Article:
Leaders are nearly always involved in decision making (Heller, 1992) and, according to Eisenhardt (1989), decision makers in high-velocity environments seek multiple alternatives and as such have confidence in what they have considered. Weaving leaders as decision makers with Eisenhardt's findings, this study focused on scenario planning as the decision making approach. Chermack's scenario planning theory provided the foundational theoretical anchoring for this qualitative study.
Hour-long semistructured interviews were used to collect data from 14 leaders who used scenarios to make decisions in high-velocity environments. The research methodology used was Merriam's (2009) "basic qualitative" methodology, also referred to as an interpretive research type. The unit of analysis of this study was the individual. Data were analyzed following Creswell's (2009) six-step data analysis method. Six themes were identified from the interviews: (1) Context and objectives are critical to any decision considerations; (2) preparation and experience play a role in decision confidence when using decision-driven scenarios; (3) people are at the heart of any decision; (4) decisions in any given scenario depend on the criticality of the situation; (5) innate traits for betterment and goodness can be evident even in decision-driven scenarios; and (6) decision-driven scenarios provide comfort and confidence in the decisions. Thus, the study found that several factors influence leaders' perceived decision confidence when using decision scenarios in high-velocity environments, and the three primary ones based on frequency of codes appear to be context and objectives, preparedness, and people.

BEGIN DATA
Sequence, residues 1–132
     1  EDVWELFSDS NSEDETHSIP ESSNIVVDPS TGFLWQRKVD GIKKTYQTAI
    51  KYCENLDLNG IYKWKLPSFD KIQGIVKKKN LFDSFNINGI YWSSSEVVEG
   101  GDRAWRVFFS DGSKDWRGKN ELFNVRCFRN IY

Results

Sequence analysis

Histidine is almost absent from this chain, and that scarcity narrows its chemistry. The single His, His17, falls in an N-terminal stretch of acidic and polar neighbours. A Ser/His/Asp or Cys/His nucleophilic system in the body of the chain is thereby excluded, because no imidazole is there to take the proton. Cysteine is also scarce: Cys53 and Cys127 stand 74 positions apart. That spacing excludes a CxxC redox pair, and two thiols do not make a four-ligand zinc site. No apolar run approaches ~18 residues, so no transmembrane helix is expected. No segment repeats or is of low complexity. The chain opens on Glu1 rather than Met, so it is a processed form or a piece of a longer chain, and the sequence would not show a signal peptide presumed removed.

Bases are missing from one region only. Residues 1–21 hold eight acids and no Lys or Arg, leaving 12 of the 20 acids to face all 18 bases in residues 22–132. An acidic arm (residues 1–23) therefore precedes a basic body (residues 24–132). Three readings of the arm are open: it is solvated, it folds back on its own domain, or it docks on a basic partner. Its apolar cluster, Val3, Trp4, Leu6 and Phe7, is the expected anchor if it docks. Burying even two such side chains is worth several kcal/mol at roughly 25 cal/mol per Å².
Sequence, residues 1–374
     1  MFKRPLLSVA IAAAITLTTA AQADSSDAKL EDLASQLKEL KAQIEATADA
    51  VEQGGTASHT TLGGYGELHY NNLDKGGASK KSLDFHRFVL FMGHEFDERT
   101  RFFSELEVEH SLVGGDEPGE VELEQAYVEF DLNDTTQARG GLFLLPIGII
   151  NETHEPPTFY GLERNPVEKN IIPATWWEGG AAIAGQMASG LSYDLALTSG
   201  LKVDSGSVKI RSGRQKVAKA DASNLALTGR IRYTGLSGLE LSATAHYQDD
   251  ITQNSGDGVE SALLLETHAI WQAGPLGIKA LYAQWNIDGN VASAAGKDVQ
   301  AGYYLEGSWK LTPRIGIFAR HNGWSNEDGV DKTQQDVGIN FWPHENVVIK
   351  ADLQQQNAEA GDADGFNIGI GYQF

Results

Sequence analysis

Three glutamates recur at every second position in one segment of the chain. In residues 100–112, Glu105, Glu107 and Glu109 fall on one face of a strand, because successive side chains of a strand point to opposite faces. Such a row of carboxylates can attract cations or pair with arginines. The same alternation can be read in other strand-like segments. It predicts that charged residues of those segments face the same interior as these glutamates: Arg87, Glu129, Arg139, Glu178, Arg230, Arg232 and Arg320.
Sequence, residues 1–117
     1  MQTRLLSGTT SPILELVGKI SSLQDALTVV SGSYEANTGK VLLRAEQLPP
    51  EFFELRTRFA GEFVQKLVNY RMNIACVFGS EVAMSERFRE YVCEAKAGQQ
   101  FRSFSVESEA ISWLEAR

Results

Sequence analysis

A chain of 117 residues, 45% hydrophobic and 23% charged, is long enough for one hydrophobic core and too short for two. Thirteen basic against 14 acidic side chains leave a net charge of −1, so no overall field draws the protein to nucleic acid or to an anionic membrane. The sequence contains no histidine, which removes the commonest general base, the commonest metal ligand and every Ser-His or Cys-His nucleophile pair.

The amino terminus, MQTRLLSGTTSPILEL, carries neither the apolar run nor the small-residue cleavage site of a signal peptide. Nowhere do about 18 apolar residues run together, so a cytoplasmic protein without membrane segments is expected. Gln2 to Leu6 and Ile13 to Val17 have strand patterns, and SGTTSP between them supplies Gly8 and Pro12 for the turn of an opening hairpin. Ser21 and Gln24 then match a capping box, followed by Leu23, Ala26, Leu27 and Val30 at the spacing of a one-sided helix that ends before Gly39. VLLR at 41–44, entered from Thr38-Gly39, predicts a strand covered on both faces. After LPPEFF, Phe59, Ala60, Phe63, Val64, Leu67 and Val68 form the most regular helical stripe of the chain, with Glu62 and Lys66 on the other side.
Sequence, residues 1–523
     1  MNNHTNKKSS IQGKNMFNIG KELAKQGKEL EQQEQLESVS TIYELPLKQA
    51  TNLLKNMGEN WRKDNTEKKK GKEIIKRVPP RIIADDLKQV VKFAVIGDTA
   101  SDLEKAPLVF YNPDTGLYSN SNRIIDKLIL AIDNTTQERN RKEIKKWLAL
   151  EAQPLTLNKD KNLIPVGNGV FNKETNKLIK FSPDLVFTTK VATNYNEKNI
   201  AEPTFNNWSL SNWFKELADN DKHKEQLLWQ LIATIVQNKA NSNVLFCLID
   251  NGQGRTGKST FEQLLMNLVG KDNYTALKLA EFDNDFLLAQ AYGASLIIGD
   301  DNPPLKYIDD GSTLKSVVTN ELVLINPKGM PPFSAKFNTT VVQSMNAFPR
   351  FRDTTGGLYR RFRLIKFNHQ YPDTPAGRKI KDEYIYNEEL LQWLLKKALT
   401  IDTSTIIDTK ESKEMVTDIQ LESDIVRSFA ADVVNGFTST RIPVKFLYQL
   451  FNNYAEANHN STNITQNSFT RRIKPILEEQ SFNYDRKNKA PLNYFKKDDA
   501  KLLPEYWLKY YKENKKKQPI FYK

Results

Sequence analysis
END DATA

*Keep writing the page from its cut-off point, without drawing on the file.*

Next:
Further research may consider extending Chermack's scenario planning theory to the individual level and quantitatively testing the significance of each factor that emerged from this study. This study suggests employing the factors that emerged from this study in the workplace, especially in leadership development.
|Commitee:||Hill, Vanessa, Szabla, David|
|School:||The George Washington University|
|Department:||Human and Organizational Learning|
|School Location:||United States -- District of Columbia|
|Source:||DAI-A 73/07(E), Dissertation Abstracts International|
|Keywords:||Decision confidence, Decision-making, High-velocity environments, Scenario planning, Scenarios|
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